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Monday, 20 June 1994
Page: 1692


Senator GIBSON —My question is directed to the Leader of the Government in the Senate. Long-term bond rates have risen by over 33 per cent since the beginning of this year, going through the nine per cent barrier last week and increasing by 38 points this morning to 9.6 per cent. Economists are now predicting that housing rates will hit 13 per cent in 1996; in other words, a re-run of what we experienced before under Labor. In the light of the market movements demonstrating that the budget strategy is clearly failing, what advice is the government now giving small business and home buyers? Is the government still advising them that they will not face significant interest rate increases under its policies?


Senator GARETH EVANS —The situation is that Australian government monetary policy will continue to focus on ensuring that low inflation is maintained. We have every expectation that that result will be achieved. As the Treasurer has said on a number of occasions, official interest rates could not be expected to remain unchanged over the business cycle as growth and activity continue to strengthen. But the continuing very good inflation outlook for Australia does mean that there is no need for monetary policy to be adjusted for some time yet.

  The increases in US short-term interest rates and world bond yields—including, of course, those in recent days—reflect trends in the United States and world economies, rather than anything that is happening in Australia. Any implications of those movements in bond rates for Australian monetary policy need to be assessed, and always have needed to be assessed, against Australia's own inflation outlook. It is, of course, the case that the US economy is operating at closer to full capacity than Australia is, and short-term interest rates were low and accommodative for their stage of the economic cycle. Potential inflationary pressures are, therefore, of much more concern in the US. By contrast, I repeat that the inflation outlook in Australia—as honourable senators should all know by now—remains very positive indeed.

  Short-term interest rates in other countries have been falling. Recent reductions in German interest rates were followed by reductions in interest rates in a number of European countries. The rise in bond yields which we are looking at at the moment appears to be perhaps more than anything else—and certainly at least partly—due to expectations of stronger world growth against the background that I have just described. In recent days, as we all know, a further factor has, of course, been concern about the possibility of higher inflation in the US arising from a number of factors, including a weaker US dollar.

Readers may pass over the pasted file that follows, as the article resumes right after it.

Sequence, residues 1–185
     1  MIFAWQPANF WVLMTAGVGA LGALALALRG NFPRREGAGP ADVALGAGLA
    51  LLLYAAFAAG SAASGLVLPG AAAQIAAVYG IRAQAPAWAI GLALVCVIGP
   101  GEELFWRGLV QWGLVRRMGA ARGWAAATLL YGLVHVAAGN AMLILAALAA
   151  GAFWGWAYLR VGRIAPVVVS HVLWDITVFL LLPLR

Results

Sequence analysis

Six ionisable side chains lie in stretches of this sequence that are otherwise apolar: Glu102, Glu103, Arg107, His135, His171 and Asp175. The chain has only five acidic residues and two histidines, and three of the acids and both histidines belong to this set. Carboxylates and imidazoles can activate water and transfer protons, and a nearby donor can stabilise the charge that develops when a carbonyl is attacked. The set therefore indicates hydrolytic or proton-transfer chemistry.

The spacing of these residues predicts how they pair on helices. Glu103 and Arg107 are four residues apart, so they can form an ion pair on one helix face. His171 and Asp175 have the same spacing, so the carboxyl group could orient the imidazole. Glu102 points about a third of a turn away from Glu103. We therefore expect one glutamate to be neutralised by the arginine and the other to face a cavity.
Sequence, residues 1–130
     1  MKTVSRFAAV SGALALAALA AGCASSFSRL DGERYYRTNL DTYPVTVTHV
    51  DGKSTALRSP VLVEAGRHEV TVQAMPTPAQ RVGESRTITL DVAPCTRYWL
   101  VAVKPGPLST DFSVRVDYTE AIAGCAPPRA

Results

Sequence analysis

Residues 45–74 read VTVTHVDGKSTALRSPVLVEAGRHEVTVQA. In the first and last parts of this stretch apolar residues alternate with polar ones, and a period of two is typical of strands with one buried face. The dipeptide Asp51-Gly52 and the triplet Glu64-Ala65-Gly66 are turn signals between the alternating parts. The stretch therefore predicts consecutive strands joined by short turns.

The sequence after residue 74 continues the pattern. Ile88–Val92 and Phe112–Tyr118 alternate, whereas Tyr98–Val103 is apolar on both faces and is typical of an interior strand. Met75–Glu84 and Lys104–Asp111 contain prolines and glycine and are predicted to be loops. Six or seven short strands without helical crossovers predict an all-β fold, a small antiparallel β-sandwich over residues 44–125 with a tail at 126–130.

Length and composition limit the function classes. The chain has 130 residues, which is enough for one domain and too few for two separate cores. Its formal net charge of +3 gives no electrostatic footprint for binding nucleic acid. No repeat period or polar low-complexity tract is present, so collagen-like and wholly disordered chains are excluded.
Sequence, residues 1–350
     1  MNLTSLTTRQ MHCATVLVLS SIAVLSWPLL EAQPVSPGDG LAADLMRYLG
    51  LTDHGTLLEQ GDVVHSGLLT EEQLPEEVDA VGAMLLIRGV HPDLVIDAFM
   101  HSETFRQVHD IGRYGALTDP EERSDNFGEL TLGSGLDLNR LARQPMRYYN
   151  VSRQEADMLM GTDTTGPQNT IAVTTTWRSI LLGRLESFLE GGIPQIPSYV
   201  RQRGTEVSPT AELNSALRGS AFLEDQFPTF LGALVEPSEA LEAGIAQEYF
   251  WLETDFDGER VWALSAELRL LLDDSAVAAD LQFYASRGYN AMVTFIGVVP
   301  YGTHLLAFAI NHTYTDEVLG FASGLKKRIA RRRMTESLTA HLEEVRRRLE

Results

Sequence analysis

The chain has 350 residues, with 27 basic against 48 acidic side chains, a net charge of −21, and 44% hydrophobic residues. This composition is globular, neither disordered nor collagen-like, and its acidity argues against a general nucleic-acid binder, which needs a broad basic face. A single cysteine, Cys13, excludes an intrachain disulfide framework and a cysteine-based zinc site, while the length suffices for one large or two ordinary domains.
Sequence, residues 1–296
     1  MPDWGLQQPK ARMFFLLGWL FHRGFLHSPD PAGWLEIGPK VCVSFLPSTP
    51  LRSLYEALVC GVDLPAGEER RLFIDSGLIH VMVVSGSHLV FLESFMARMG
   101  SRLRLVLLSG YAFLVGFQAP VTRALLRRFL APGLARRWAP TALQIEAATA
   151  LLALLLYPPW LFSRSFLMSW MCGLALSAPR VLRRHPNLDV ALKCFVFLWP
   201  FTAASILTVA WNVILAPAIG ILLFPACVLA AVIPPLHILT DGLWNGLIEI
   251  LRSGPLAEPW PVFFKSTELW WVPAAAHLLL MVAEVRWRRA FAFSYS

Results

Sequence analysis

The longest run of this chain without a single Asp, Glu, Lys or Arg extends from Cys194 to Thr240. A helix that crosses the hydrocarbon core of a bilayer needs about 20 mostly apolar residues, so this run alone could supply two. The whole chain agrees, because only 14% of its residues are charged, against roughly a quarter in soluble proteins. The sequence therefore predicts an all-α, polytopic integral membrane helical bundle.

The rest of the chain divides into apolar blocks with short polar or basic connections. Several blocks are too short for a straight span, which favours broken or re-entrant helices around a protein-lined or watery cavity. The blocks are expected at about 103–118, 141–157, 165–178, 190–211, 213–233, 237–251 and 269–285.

The overall picture is one where monetary policy in Australia has been able to be eased substantially since January 1990. Official cash rates have been reduced by 13 1/4 percentage points, from a peak of around 18 per cent, to be currently 4.75 per cent, which is their lowest sustained level since the early 1970s. Lending rates are now at their lowest level for at least a decade, although the rate that faces individual borrowers will always depend, as it does now, on one's credit standing.

  The heart and soul of the story are the situation in relation to inflation and inflation expectations. The decline in interest rates that we have seen in Australia has been made possible by that decline in inflation and inflationary expectations. The sustained shift to a low inflation environment—which we will lock in, of course, through the fiscal deficit reduction strategy that I made the subject of the first answer—will provide a solid foundation for growth in productive investment throughout the rest of the 1990s.

  The decline in interest rates that we have seen has been very positive for business and household cash flows. It has been very positive for the process of business balance sheet repair. It has been positive for business and consumer sentiment, and it is proving that it will be ever more positive for the investment climate. The economic recovery is strengthening. There is a mass of statistics which confirm that. In that environment, the inflation outlook continues to be very good indeed, with the result that the monetary policy and interest rate outlook also look good just for that reason.


Senator GIBSON —Mr Deputy President, I ask a supplementary question. If, as the minister says, the government is concentrating on keeping inflation low, are short-term interest rates being deliberately held down by the Reserve Bank as a result of pressure from the Prime Minister, who has often claimed that the central bank is `in his pocket'?


Senator GARETH EVANS —There is no substance whatsoever to that question. The reason why interest rates are being maintained at the low levels that I have described is simply because the economic fundamentals in this case are so sound and the inflationary expectations in this economy are so fundamentally sound. That is the dynamic that is holding the situation together; it is not jawboning or anything else from the Prime Minister or anybody else.